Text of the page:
Cornbread crepes make a great weekend brunch filled with your leftovers from last night’s fabulous dinner.
Korean tacos are so 2012. Cornbread crepes are the fusion cuisine for 2013–classic southern cornbread made with self-rising cornmeal mix combined with classic French haute cuisine. It’s one of our favorite recipes in the new Jack Daniel’s Cookbook, Stories and Kitchen Secrets from Miss Mary Bobo’s Boarding House that we wrote with our friend Lynne Tolley, the great-grandniece of Jack Daniel himself.
The best part is that these crepes seem difficult and fancy, but are as easy as pancakes if you have a slick nonstick skillet. This is one southern cornbread that we don’t make in a traditional cast-iron skillet because the sides aren’t sloped enough. Instead we use a regular nonstick skillet and, let’s face it, for some applications you can’t beat the non-stick powers of silverstone or teflon.
We’ve had interesting cornbread omelets at the National Cornbread Festival in South Pittsburg, Tenn., but the “omelet” was a little too thick and harder to wrap around ingredients without breaking. The thinner crepe batter is more refined and has a natural drape. Resting the batter allows the cornmeal to fully hydrate so the crepes are moist and pliable just like the real French ones.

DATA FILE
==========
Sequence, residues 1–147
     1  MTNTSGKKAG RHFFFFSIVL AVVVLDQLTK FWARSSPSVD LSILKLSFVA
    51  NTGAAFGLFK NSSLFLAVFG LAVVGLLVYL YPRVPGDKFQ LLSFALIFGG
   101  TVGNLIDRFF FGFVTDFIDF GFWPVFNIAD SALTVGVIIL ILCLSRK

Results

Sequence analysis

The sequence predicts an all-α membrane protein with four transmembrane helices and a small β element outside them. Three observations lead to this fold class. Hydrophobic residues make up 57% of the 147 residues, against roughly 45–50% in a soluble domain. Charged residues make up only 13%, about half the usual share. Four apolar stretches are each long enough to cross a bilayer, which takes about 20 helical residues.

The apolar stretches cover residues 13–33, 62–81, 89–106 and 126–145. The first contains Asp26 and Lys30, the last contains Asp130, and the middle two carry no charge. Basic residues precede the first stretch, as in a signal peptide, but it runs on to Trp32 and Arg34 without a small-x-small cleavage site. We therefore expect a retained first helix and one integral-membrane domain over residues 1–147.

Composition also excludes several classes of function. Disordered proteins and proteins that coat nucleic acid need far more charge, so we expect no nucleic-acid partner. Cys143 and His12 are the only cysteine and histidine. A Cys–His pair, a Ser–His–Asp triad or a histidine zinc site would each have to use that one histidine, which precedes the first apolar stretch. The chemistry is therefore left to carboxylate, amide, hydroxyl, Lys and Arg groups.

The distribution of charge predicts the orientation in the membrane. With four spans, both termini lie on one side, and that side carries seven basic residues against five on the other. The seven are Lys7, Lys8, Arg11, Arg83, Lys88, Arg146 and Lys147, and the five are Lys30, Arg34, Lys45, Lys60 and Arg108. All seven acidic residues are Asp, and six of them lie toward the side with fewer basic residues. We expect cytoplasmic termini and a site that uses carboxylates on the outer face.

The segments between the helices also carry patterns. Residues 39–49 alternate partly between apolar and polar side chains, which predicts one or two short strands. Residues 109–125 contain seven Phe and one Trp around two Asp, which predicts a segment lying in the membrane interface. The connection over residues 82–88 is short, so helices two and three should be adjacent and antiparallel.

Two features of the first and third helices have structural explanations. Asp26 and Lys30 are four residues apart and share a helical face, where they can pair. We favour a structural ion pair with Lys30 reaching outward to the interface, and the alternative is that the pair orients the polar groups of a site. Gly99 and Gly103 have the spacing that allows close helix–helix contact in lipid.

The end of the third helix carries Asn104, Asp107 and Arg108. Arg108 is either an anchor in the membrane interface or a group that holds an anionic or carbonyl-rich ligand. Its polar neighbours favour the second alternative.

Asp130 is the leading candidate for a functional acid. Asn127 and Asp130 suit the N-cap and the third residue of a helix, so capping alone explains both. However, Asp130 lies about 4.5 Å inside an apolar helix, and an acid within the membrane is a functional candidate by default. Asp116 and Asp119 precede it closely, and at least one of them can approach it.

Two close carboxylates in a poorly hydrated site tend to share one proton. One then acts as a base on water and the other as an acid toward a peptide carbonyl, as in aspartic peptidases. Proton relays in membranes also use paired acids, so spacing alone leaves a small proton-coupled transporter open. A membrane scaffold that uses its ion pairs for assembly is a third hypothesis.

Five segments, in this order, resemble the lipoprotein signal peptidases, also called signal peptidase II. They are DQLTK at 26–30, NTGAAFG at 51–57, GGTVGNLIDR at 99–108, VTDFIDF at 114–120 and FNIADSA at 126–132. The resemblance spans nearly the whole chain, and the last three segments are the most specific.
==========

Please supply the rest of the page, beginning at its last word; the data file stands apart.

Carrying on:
What to wrap inside a cornbread? We tend toward leftovers, combining whatever’s in the fridge from dinner last night like chili, any omelet filling you like, creamed chicken, ham, beef, or turkey, barbecue, pinto beans or other beans, plus any leftover cooked vegetables, and grated cheeses. Butter and honey, sorghum or fruit preserves works.
The batter cooks on one side and becomes shiny and moist on the top. Use a spatula to check for a golden brown underside.
Leftovers are the best fillings. This one looks like it came from a lovely steak and roast potato dinner.
- 4 eggs
- 1 1/2 cups milk
- 1/4 cup vegetable oil
- 1 cup self-rising cornmeal mix
Whisk the eggs and milk together in a medium mixing bowl.
Whisk in the oil and cornmeal until smooth.
Let the batter sit for about 15 minutes.
Heat a 12-inch nonstick skillet over medium heat. Lightly coat the bottom with oil or nonstick cooking spray.
Pour about 1/4 to 1/3 cup of the batter into the skillet. Immediately swirl the skillet to completely coat the bottom with the batter.
Cook until the bottom side is golden brown. The top will be moist but cooked through and no longer runny.
Loosen the edge with a rubber spatula and flip out onto a plate.
Repeat with the remaining batter.
Place the cooked crepes on a platter and cover with a towel to keep warm.
Fill as desired. Makes about 8.